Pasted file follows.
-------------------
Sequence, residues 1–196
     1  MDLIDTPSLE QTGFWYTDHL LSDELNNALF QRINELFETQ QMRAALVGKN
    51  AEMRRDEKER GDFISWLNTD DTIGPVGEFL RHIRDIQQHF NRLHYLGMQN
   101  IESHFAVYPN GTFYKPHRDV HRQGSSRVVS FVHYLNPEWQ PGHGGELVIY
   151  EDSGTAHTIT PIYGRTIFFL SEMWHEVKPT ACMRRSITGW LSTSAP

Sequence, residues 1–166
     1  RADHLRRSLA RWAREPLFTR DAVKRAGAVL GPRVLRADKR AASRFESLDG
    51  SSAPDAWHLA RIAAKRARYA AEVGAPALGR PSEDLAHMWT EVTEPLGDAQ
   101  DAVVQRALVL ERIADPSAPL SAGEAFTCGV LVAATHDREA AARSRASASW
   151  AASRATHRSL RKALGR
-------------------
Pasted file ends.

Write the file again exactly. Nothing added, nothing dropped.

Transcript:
Sequence, residues 1–196
     1  MDLIDTPSLE QTGFWYTDHL LSDELNNALF QRINELFETQ QMRAALVGKN
    51  AEMRRDEKER GDFISWLNTD DTIGPVGEFL RHIRDIQQHF NRLHYLGMQN
   101  IESHFAVYPN GTFYKPHRDV HRQGSSRVVS FVHYLNPEWQ PGHGGELVIY
   151  EDSGTAHTIT PIYGRTIFFL SEMWHEVKPT ACMRRSITGW LSTSAP

Sequence, residues 1–166
     1  RADHLRRSLA RWAREPLFTR DAVKRAGAVL GPRVLRADKR AASRFESLDG
    51  SSAPDAWHLA RIAAKRARYA AEVGAPALGR PSEDLAHMWT EVTEPLGDAQ
   101  DAVVQRALVL ERIADPSAPL SAGEAFTCGV LVAATHDREA AARSRASASW
   151  AASRATHRSL RKALGR